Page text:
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Home >> Slide >> Fiber-Lube Bushings >> CJ/FCJ Fiber-Lube Bearing Wear

Bearing Wear

Design consideration when selecting the correct fiber-lube bushing for your application.  Factors that affect bearing wear include: load capacity, lubrication, operating conditions (PV factor, shaft finish, temperature…).


 

 CJcomposite_chart

 

 

Figure A depicts the typical wear behavior of a CJ or FCJ bearing. There is an initial break-in period during which a transfer film is established on the mating surface. In some situations, up to .001” (.03mm) of wear may occur at break-in and in other situations the wear may be negligible. After the break-in period, the wear rate stabilizes and remains relatively constant for the life of the bearing. There is a transfer film of PTFE, epoxy, and some synthetic fiber that clings tenaciously to the metal surface, and acts as a lubricant between the shaft and the bearing.
The equilibrium wear rate depends on a number of factors including loads, speeds, shaft hardness, and shaft surface finish. Under laboratory conditions, radial wear is approximately proportional to both sliding distance and load. The wear rate is often reported as a factor K. This relationship can be expressed as follows:

factor-k-fiber-lube


The following table shows the actual measured wear factor for a number of conditions of oscillation and rotation. These values were obtained using Rc 50 shafts with a surface finish of 16 Ra(.4 μm).
The wear factor would increase if the shaft material was softer or the surface finish rougher.
The performance using the softer shafts was significantly lower, especially at the higher load condition.
While performance is lower, it is adequate for many less demanding applications.

measured-wear-factor-fibre-lube

Using wear factors, the radial wear of a CJ bearing can be estimated by calculating W and adding .001” (.025 mm) for break-in wear. The liner can sustain .015-.020” (.38 mm-.51 mm) wear and still operate normally. Bearings having an inside diameter of over 2-1/2” have a thicker liner capable of sustaining .025” to .030” (.64mm – .76mm) wear. Surface finish affects wear rate as shown in (See Figure B, to the left) Field experience has shown that hard chrome plating gives excellent wear performance and protects the shaft from corrosion. Softer coatings such as cadmium and zinc will not stand up in service and quickly wear off.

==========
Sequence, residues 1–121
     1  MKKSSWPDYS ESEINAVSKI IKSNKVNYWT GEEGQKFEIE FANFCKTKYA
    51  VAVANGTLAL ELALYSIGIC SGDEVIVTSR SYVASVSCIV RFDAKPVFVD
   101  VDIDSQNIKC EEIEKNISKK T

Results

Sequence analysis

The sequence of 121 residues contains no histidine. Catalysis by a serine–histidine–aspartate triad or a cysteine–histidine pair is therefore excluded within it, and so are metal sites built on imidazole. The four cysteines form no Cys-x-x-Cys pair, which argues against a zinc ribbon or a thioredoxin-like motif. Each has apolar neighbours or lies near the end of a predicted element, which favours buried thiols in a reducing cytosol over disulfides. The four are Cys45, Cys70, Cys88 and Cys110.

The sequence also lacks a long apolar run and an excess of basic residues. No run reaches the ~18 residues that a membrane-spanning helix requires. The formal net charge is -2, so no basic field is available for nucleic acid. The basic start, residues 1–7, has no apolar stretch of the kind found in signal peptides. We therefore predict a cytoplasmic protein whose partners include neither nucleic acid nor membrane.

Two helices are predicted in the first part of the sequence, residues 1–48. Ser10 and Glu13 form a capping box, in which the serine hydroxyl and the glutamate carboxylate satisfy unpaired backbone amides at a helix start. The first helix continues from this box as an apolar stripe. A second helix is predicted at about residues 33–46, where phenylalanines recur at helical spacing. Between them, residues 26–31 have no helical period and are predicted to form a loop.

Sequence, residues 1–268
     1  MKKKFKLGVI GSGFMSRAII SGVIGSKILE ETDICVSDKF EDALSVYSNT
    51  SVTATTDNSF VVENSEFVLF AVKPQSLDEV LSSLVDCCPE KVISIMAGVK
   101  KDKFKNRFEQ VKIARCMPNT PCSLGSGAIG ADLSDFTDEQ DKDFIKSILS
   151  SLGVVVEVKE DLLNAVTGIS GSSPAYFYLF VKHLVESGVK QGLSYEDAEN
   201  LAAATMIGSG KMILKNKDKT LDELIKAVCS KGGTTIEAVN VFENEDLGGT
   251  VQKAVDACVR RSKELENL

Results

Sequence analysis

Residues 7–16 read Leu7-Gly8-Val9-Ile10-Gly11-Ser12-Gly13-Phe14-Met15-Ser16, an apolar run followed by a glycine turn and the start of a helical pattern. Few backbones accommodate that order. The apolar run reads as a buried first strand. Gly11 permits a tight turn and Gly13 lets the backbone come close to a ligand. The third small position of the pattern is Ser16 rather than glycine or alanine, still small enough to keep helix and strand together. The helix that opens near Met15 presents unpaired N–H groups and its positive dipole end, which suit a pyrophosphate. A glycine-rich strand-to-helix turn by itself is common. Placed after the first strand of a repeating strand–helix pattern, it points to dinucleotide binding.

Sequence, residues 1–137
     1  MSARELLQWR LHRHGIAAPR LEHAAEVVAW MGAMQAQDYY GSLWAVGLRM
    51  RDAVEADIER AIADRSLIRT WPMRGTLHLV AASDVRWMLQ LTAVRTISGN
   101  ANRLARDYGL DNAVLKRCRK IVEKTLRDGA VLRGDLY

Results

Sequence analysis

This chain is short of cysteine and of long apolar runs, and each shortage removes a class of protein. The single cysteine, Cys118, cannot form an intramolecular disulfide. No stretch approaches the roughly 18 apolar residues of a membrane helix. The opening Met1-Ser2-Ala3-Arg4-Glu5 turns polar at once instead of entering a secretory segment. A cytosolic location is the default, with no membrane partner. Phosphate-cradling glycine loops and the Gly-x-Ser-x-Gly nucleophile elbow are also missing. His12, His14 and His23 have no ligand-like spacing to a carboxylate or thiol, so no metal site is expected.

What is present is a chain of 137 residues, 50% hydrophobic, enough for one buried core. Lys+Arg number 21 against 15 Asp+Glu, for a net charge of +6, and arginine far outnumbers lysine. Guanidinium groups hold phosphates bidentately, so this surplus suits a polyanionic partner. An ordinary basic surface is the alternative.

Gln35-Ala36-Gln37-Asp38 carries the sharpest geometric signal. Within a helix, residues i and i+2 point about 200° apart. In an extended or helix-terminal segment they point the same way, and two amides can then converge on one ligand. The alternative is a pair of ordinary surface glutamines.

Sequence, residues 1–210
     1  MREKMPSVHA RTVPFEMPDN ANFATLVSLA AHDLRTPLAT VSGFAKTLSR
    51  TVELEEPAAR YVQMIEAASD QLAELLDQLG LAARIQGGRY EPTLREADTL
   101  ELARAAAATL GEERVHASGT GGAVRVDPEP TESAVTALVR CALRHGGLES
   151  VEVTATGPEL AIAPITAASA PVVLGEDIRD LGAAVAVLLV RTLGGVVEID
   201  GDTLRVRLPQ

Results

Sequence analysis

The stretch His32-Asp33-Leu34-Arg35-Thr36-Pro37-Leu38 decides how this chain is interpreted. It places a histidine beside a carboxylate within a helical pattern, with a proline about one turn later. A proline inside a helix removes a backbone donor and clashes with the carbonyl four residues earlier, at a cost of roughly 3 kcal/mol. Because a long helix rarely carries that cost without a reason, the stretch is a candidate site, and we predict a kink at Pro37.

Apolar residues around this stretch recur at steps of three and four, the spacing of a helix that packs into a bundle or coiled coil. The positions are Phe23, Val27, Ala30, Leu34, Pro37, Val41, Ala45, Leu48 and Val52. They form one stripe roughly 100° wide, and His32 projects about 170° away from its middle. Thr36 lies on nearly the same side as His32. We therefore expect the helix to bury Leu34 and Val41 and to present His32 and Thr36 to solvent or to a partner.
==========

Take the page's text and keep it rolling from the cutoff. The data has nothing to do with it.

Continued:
Load Capacity
Normal application of load will cause a simple elastic deflection of the CJ bearing along with some permanent set. The set is primarily due to compaction of the synthetic fiber/PTFE liner. We do not typically recommend subjecting the bearings to over 35,000 psi (241 MPa) load. In common with other materials, fiberglass/epoxy composites can undergo fatigue after repeated application of stress. Fatigue has not been a limiting factor in the use of the CJ bearing. In fact, laboratory tests have shown that in many cases the bearing is more fatigue-resistant than the shaft. Laboratory tests show that the bearings fail by a gradual crushing action rather than a rapid catastrophic failure. This is consistent with typical composite behavior in which stress is supported by many fibers. If one fiber breaks, the load is redistributed among the others. Breakage of the entire structure will not occur until a large number of the individual fibers are broken. CJ composite bearings can easily withstand over 35,000 psi (241 MPa) static load or 20,000 psi (140 MPa) dynamic load with a great deal of reliability.
In many cases, higher loading can be tolerated if the design and conditions of service are discussed fully with Daemar bearing specialist.
Length to diameter ratio is also an important design consideration. Test results from the laboratory and the field have shown that the optimum performance can be attained by specifying a length to inside diameter ratio (L/D) ranging from .5 to 2. When the L/D ratio of less than .5 is used, it is possible to create highly stressed areas at the corner of the bearing and cracking will occur at this location prematurely. If the L/D ratio is over 2, with any amount of shaft misalignment, cross corner jamming will occur and unit stresses can exceed the 15,000 psi (103 MPa) safe dynamic limit or the 35,000 psi (241 MPa) static limit of the bearings. Bearings built with the proper L/D ratio will accept misalignment and shock load without premature failure.

 

figure-e-f--bearing-wear
Coefficient of Friction
The coefficient of friction of a synthetic fiber/PTFE lined composite journal bearing running against a hardened Rc 50 steel shaft with a 16 Ra (.4 μm) surface, or less, varies from .02 to .25 depending on the load, the relative sliding velocity, and the bearing surface temperature. Generally, the coefficient of friction decreases with increasing load (See Figure D,on left side).